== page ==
While the Islamic religion may be a minority religion in the United States, it is a major religion worldwide. Moreover, the number of Muslims in the United States is rapidly expanding. Due to recent world events there is a lot of misinformation in the media concerning the Islamic faith. This article describes the basic tenets of Islam, examines court cases relevant to religion and the workplace, and provides information related to Islamic values in the workplace. This is a good adjunct text for industrial/organization or human resources courses.
Bouma, G., Haidar, A., & Nyland, C. (2003). Work, religious diversity and Islam. Asia Pacific Journal of Human Resources, 41, 51–61.
The authors discuss Islamic workplace values and issues and sources of overlap with traditional human resource practices, addressing the importance of such understanding in the light of current discrimination against Muslims in many workplace settings.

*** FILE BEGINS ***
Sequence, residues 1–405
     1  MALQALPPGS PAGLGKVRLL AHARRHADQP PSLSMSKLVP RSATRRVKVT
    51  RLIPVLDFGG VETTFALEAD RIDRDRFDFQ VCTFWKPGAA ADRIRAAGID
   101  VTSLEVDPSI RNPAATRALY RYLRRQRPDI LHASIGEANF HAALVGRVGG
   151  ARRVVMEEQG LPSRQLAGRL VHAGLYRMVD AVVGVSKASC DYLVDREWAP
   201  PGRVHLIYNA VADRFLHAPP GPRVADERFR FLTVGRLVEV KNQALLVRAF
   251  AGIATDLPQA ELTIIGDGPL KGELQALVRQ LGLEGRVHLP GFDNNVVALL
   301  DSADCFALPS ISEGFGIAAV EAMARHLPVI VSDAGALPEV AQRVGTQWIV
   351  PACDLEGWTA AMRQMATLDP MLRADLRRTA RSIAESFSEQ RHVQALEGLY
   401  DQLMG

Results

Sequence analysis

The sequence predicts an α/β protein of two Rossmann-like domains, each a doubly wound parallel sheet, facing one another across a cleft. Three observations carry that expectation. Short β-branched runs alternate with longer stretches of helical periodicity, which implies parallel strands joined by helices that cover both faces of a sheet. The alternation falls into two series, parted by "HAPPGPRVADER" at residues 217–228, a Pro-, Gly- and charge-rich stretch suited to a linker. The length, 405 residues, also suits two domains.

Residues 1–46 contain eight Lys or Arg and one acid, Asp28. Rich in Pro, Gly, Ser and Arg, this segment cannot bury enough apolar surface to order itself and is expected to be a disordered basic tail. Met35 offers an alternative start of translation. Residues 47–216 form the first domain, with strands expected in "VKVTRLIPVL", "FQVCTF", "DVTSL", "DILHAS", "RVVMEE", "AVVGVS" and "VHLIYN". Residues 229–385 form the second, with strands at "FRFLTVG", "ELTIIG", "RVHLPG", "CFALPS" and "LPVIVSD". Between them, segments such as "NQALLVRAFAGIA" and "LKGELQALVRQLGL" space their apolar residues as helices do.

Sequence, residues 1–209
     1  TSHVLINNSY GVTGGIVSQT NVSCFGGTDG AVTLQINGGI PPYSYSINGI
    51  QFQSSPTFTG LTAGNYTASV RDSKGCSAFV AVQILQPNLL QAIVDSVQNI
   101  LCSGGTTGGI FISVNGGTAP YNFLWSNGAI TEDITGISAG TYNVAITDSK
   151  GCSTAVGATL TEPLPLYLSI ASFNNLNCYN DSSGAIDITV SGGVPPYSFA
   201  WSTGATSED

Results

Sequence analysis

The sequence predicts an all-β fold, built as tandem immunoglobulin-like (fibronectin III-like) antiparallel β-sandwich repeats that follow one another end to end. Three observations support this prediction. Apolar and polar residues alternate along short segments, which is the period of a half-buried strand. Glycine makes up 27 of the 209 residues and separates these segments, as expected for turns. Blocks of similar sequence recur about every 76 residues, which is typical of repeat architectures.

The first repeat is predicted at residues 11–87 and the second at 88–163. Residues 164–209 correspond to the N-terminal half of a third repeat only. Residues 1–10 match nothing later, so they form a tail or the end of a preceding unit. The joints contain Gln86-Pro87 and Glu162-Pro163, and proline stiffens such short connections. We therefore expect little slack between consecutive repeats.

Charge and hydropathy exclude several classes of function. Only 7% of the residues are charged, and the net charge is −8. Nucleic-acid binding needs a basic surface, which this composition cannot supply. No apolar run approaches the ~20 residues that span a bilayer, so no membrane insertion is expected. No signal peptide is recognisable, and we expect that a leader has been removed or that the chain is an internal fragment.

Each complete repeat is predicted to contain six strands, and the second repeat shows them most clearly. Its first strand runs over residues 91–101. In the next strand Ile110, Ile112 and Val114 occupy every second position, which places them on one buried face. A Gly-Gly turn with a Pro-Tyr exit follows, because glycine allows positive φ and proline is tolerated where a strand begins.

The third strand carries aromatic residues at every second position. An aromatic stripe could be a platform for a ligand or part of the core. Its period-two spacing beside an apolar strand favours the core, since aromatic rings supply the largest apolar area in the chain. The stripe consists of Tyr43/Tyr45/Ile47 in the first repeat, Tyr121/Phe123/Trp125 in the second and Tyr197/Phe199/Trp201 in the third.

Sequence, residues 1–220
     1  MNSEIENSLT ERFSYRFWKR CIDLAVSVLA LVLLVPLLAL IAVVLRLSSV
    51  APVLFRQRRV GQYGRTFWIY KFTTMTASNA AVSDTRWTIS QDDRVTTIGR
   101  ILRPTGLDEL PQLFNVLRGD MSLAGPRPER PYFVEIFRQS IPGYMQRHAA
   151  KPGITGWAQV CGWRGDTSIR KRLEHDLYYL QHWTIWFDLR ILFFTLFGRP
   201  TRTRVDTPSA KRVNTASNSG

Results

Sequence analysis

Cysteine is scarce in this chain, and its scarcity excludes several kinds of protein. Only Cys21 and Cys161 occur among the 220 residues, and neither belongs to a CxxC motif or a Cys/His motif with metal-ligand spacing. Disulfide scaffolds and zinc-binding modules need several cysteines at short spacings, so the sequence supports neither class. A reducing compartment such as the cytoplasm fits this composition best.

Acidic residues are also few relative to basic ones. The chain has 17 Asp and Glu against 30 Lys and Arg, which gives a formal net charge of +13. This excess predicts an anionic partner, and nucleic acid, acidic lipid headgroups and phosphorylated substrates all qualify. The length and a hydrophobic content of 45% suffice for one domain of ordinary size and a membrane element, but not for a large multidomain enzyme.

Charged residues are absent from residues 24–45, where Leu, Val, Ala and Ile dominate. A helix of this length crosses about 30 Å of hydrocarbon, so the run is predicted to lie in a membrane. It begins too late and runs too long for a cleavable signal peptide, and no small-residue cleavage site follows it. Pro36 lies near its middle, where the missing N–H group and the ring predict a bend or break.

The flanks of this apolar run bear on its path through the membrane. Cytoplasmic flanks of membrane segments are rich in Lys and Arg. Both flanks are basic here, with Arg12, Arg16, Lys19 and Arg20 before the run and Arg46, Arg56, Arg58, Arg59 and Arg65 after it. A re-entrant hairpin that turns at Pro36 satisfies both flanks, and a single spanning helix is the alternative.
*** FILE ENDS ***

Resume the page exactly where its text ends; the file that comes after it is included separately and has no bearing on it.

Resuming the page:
Boyd-Franklin, N. (2010). Incorporating spirituality and religion into the treatment of African American clients. The Counseling Psychologist, 38(7), 976-1000. doi:10.1177/0011000010374881
Using detailed cases as illustration, this article explores religious diversity in the African American community and makes recommendations for integrating spirituality into the treatment of African American clients. Religion is presented as a coping mechanisms for dealing with racism, adversity, and loss at different stages of the life cycle.
Briggs, M. K., & Rayle, A. D. (2005). Incorporating spirituality into core counseling courses: Ideas for classroom application. Counseling and Values, 50, 63–75.
This article describes classroom activities related to teaching spirituality and religion as diversity issues in a counseling course.
Duffy, R. D., & Blustein, D. L. (2005). The relationship between spirituality, religiousness, and career adaptability. Journal of Vocational Behavior, 67, 429–440.